Having an awakening to your internal psyche creates more options and alternatives. Exposure to communication brings deeper connection and better relationships.  We are our choices.  Thus instead of using alcohol, drugs, sex, shopping, gambling, and relationships to restrain what you think and feel, you have the capacity to notice, acknowledge and choose how you manage your internal workings.   Your relationships will show the improvement.

Step 10 encourages you to notice and allow whatever thoughts and emotions you are thinking or feeling to surface.  By observing your interior consciousness you are awakening to a richer life of happiness, joy, and serenity as well as managing your own life for safety and protection.  Having thoughts and emotions are normal and healthy.   Allowing them to surface doesn’t mean you have to act on them.  It’s being in charge, building a relationship with your fears and distress, and strengthening your confidence to know you can handle difficult experiences.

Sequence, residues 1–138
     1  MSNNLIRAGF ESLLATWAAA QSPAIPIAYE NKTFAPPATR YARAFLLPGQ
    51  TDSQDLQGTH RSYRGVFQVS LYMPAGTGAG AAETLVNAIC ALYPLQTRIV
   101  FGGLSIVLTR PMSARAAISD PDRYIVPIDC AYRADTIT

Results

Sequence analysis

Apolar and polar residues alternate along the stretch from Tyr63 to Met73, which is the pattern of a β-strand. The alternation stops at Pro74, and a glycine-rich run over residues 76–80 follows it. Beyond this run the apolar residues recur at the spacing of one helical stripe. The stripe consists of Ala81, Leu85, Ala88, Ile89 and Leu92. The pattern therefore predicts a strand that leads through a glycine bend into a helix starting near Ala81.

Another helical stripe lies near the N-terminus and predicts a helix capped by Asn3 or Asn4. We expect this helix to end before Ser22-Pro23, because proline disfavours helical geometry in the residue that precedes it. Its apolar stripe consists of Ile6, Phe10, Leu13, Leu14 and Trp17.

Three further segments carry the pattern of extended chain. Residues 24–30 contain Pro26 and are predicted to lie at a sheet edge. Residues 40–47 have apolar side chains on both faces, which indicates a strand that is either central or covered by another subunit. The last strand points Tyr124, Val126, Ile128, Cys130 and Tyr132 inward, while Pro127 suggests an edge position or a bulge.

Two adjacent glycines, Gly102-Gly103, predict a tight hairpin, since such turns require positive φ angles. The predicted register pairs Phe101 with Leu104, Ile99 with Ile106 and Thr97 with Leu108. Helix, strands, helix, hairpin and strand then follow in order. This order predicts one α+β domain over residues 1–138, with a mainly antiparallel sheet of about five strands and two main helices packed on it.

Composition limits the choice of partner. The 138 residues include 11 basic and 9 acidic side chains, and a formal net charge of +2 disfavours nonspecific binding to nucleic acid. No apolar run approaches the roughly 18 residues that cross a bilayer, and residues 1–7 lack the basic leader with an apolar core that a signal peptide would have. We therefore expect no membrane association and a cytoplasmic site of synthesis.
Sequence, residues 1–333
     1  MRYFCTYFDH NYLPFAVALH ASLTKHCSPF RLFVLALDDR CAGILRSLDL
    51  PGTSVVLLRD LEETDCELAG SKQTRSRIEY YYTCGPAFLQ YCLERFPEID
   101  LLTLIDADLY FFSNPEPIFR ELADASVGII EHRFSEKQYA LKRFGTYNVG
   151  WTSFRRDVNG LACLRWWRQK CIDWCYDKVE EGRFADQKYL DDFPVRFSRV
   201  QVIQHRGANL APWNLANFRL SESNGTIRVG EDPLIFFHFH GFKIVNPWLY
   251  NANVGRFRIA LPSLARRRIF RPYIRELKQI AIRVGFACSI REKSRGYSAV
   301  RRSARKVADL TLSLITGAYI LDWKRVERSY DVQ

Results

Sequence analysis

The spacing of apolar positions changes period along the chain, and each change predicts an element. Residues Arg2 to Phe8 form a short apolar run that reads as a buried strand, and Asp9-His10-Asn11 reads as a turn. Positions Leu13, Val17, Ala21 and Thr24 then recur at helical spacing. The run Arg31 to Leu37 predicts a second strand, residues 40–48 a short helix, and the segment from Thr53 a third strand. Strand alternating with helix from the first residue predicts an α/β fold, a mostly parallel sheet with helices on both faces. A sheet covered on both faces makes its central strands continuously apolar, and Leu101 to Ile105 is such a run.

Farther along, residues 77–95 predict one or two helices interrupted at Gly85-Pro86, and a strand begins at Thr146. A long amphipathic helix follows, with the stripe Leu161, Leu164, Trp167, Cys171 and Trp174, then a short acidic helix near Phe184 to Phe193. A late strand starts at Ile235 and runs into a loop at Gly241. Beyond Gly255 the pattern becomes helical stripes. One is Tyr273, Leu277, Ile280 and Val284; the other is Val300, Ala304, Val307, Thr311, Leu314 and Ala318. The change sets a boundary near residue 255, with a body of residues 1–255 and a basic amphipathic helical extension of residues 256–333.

Responsibility Sure Glad the hole isn't at our end.

5 Ways to Improve Your Conscious Listening

active-listening_pinkTaken from Julian Treasure: 5 ways to listen better | Video on TED.com

Conscious listening is understanding sound.   It increases empathy, connection, consciousness, and peace.  Listening externally improves relationships.  Listening internally increases awareness of inner wisdom and self-sabotaging talk.  Read on to learn ways to uplift your capacity to hear with clarity.

1. Sit silently for three minutes a day to recalibrate and hear the silence again.